Why the Allies Won
by Richard Overy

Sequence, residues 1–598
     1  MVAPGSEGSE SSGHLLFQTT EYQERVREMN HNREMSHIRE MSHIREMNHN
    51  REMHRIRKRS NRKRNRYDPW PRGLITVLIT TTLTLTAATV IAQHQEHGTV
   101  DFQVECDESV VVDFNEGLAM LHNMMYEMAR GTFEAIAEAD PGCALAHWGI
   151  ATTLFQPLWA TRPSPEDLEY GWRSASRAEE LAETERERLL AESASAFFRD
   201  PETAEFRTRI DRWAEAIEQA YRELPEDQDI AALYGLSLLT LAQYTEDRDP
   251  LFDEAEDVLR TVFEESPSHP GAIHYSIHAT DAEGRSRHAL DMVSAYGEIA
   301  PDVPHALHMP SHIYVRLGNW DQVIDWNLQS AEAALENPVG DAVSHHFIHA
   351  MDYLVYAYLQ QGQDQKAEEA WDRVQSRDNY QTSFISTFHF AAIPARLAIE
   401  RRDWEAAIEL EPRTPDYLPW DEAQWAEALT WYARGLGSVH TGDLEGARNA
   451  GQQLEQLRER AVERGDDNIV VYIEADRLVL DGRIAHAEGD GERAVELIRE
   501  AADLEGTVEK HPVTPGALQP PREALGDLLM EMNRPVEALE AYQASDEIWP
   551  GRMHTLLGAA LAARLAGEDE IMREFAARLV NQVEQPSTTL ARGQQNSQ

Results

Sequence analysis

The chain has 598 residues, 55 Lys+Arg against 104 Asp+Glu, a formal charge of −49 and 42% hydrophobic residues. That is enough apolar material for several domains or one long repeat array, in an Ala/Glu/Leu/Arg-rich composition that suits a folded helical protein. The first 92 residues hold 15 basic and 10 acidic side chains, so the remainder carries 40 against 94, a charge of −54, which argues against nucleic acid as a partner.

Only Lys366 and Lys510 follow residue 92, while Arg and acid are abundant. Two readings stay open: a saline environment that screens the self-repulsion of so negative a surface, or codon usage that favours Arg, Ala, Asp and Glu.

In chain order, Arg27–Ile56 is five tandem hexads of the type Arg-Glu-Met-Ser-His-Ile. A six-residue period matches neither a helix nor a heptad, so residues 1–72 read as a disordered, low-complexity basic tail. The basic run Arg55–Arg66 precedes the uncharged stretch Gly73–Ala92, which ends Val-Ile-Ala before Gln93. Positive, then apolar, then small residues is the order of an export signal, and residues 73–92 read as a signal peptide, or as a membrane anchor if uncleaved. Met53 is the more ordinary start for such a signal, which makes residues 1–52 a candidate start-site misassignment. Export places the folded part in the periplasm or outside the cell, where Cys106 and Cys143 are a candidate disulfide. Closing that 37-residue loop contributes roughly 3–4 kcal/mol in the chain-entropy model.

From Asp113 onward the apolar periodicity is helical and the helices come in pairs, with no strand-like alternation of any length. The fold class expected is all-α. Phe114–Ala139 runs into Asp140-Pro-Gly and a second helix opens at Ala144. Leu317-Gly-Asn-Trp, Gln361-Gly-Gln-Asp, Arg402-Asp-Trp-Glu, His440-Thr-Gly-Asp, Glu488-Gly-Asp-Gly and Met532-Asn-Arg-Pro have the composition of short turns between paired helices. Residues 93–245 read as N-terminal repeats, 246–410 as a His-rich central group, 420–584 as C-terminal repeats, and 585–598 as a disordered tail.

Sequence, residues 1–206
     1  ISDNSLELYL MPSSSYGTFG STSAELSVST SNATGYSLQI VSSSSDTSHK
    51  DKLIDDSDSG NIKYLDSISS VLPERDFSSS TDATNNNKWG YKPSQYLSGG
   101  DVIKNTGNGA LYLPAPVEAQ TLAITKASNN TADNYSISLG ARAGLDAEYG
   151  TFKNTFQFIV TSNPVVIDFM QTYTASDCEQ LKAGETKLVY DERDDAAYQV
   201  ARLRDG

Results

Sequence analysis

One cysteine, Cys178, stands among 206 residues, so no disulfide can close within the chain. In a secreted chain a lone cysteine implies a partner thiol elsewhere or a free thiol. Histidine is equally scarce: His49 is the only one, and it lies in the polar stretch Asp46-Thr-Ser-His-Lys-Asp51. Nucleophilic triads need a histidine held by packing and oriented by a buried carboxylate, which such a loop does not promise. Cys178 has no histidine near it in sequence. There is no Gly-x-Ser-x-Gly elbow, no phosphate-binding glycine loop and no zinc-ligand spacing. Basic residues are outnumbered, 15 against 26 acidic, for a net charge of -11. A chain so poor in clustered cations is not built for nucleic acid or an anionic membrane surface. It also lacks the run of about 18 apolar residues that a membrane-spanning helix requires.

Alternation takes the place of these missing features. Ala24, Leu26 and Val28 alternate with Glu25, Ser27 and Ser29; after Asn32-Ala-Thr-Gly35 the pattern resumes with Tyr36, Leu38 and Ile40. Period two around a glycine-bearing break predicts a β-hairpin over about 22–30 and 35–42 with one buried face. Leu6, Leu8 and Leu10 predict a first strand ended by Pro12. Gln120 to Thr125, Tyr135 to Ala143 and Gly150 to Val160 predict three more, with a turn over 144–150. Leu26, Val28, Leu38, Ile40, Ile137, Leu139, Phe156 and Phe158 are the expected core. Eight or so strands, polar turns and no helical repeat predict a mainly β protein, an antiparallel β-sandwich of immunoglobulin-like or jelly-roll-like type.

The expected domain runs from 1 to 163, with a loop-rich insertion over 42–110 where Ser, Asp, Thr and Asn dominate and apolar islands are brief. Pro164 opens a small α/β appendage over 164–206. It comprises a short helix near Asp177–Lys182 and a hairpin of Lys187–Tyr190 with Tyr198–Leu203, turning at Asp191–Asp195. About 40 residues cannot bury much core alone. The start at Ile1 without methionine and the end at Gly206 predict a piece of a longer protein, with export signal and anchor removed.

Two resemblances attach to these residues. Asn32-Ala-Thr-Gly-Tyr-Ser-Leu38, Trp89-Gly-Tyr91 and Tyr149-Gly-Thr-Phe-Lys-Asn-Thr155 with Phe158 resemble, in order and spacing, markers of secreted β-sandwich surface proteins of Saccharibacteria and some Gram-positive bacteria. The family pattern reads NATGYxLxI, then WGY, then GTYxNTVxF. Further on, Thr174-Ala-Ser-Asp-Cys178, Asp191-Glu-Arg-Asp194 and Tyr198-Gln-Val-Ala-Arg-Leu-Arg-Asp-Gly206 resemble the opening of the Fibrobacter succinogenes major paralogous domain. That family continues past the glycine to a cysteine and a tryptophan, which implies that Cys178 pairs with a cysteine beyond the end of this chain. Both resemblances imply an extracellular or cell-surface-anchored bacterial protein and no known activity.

In The Road to War (1990), Overy plumbed the origins of WWII. Here, he examines the reasons for the war's outcome, challenging two pieces of conventional wisdom: that the Axis overextended itself by taking on the U.S., Britain and the Soviet Union, and that the Allied victory was due to material strength only. Instead, Overy contends that the Allies' triumph depended on the exponential improvement of an initially inferior military capacity, as well as on moral fiber. The Allies, he argues convincingly, turned economic potential into fighting power, exploiting modernity by integrating technology and logistics into a comprehensive war effort that was sustained by moral force. Combining telling detail and wide scope, the author shows that, ultimately, the governments and peoples of the Allied Grand Coalition triumphed because they acted on the understanding that WWII was a life-and-death struggle for fundamental values.
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